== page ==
To complete our analysis we briefly discuss some of the correlations produced with the methods described in this paper and their ecological interpretation. We look at two sets of correlations that both are produced using criteria Time and NoTaxonomic, but with different geographic base sets. In
Figure 2 we show all significant
positive and negative correlations when looking only at the union of the areas
covered by the two species (GeoUnion), and in
Figure 3 all significant positive and
negative correlations between the species without using a geographic filtering
criteria (NoGeo). In the figures, species are presented as ellipses, positive correlations as bold lines, and negative correlations as dashed lines.
The correlation patterns observed are clearly very sensitive to geographic restrictions. The geographically restricted set in
Figure 2 shows mostly correlations that can be plausibly explained by ecology. Thus, Stephanorhinus and Cervus are two of the main genera of interglacial (warm) assemblages of the Pleistocene Ice Age, while Mammuthus and Equus characterise the glacial (cold) assemblages that alternate with the interglacial ones. The biogeography of these assemblages was dynamic (Koenigswald 2007), with alternating expansion from refugia, so the correlations are not likely to be driven by geography. Among the geologically older genera the cluster around Gazella is made up of other open-adapted taxa (Palaeotragus, Tragoportax, Microstonyx), with negative correlations to forest taxa (Euprox, and indirectly Propotamochoerus and Amphicyon). The genera negatively correlated to the open-adapted Ceratotherium and Choerolophodon are also primarily forest taxa (Dihoplus, Aceratherium, Tetralophodon and, with some reservations, Deinotherium). The carnivore cluster around Martes also represents a forest setting.
As expected, the correlations in the geographically unrestricted case in Figure 3 appear in many cases to be due primarily to distribution patterns. The cluster around Tapirus as well as several pairs of genera belong to this group, for example Pleasiaceratherium-Prosanthorhinus, Procervulus-Lagomeryx, Helladotherium-Pachytragus, and Pseudotragus-Criotherium. Among negatively correlated pairs, Euprox-Gazella and Euprox-Choerolophodon belong to this category. The main reason for these geographic associations is, however, not so much random spatial patterns as a strong underlying and ultimately climatological forcing: the distribution of the genera reflects the distribution of the ecological associations ("chronofaunas") to which they belong (Eronen et al. 2009), essentially the forested western and central European faunas versus the open woodlands of eastern Europe and western Asia (Fortelius et al. 1996).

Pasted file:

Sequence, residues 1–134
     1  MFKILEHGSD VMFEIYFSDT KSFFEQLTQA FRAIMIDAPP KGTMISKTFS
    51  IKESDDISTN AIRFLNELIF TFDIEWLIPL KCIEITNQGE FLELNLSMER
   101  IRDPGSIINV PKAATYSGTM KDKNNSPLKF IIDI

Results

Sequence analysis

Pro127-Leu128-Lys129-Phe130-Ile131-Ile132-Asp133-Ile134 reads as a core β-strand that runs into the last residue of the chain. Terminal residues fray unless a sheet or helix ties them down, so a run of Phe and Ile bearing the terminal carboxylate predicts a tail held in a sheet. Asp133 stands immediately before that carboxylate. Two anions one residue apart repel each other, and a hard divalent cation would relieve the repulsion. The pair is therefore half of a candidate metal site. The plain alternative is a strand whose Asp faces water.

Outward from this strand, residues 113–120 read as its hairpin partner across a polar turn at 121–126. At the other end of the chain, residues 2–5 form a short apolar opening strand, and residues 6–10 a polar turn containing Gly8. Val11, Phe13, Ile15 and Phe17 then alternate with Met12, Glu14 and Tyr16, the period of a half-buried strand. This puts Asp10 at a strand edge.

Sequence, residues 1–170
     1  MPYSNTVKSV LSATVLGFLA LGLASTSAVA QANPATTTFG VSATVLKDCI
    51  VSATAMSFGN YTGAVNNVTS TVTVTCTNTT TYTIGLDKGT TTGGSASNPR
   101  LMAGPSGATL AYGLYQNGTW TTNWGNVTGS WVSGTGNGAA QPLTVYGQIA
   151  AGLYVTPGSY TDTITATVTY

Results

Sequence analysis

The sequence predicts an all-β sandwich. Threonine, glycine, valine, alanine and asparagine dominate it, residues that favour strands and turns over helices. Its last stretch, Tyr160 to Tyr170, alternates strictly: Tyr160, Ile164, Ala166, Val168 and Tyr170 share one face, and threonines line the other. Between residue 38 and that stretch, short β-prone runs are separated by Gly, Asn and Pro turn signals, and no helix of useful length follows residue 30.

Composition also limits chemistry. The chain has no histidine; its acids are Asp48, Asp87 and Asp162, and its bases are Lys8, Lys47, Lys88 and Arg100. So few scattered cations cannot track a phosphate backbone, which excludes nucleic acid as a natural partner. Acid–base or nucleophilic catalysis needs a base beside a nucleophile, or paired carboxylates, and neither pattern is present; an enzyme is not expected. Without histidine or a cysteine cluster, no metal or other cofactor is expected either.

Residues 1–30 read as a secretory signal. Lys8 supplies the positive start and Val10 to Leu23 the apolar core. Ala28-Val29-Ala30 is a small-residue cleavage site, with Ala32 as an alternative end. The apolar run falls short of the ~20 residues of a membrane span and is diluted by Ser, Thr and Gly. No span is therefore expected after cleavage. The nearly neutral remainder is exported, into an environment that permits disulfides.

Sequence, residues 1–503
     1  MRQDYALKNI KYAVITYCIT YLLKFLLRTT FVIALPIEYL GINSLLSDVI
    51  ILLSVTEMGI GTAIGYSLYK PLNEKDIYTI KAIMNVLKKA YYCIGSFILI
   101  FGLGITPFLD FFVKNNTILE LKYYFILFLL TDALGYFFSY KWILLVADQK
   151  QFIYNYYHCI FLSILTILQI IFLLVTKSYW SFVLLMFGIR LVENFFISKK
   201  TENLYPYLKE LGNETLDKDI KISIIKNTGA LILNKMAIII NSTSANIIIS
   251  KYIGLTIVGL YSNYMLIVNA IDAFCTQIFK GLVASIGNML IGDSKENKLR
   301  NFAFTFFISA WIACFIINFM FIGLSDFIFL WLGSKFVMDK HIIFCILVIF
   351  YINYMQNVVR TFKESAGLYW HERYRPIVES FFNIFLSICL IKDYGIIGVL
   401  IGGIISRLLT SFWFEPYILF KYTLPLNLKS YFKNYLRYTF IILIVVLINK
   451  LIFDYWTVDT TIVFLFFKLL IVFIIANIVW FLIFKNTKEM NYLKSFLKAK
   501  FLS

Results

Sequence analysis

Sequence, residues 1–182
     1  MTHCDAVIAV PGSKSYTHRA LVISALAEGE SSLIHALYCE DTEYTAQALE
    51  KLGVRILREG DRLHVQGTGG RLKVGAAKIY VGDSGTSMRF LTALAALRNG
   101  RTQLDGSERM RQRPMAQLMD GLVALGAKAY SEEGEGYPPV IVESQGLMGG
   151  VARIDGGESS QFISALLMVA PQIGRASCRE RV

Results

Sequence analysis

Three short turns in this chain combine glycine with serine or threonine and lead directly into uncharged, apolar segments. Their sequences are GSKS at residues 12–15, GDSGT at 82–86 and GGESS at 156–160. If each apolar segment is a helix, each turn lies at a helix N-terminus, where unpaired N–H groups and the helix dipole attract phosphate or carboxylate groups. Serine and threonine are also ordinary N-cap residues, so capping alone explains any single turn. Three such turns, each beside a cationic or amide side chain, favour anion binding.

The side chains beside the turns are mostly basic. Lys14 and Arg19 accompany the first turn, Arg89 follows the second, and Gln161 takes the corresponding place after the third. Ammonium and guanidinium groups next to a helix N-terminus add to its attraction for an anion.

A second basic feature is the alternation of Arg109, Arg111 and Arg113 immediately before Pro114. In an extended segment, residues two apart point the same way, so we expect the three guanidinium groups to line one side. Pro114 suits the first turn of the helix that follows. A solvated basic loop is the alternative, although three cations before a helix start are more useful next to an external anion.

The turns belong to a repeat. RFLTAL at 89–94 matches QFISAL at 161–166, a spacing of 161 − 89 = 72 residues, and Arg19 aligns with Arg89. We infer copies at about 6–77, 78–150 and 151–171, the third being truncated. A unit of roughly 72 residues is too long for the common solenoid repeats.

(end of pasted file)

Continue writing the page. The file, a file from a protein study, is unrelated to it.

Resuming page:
Some pairs in the geographically unrestricted set appear to be related to other factors than geography. The negative correlation of Anchitherium-Miotragocerus is likely caused by nearly non-overlapping temporal distributions. Two pairs of widely distributed carnivores are unlikely to be explained by geographic distribution, unless by chance, but appear instead to be related through foraging behaviour to habitat: Vulpes (red fox) and Nyctereutes (raccoon dog) are both short-legged generalists strongly associated with vegetation cover, while Acinonyx (cheetah) and Chasmaporthetes (cheetah-like hyaena) represent extremely long-legged pursuit predators in open habitats.
When looking at the data in
Figure 2 and
Figure 3, it is important to keep in mind that it reports results that are statistically significant, but the absence of a correlation is not significant. Our statistical methodology allows us to report results that are backed up by data, but in interpretation the absence of a correlation should not be considered as a significant result. Absence of a correlation means that there is not enough evidence for the correlation in the data, but it does not mean that the two species must be non-related. Correlations are also not transitive: significant correlations of A and B, and of B and C, do not necessarily imply a significant correlation of A and C.